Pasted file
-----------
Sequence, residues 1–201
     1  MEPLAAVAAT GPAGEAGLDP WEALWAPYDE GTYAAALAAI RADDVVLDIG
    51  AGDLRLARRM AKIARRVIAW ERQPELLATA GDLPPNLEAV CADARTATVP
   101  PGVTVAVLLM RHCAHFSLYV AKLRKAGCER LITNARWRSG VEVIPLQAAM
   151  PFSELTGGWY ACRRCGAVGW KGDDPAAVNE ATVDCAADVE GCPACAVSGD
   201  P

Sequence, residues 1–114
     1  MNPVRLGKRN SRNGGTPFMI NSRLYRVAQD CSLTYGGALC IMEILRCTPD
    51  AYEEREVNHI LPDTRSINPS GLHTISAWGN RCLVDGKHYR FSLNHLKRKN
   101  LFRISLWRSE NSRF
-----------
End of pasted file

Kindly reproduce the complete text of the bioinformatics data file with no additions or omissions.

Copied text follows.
Sequence, residues 1–201
     1  MEPLAAVAAT GPAGEAGLDP WEALWAPYDE GTYAAALAAI RADDVVLDIG
    51  AGDLRLARRM AKIARRVIAW ERQPELLATA GDLPPNLEAV CADARTATVP
   101  PGVTVAVLLM RHCAHFSLYV AKLRKAGCER LITNARWRSG VEVIPLQAAM
   151  PFSELTGGWY ACRRCGAVGW KGDDPAAVNE ATVDCAADVE GCPACAVSGD
   201  P

Sequence, residues 1–114
     1  MNPVRLGKRN SRNGGTPFMI NSRLYRVAQD CSLTYGGALC IMEILRCTPD
    51  AYEEREVNHI LPDTRSINPS GLHTISAWGN RCLVDGKHYR FSLNHLKRKN
   101  LFRISLWRSE NSRF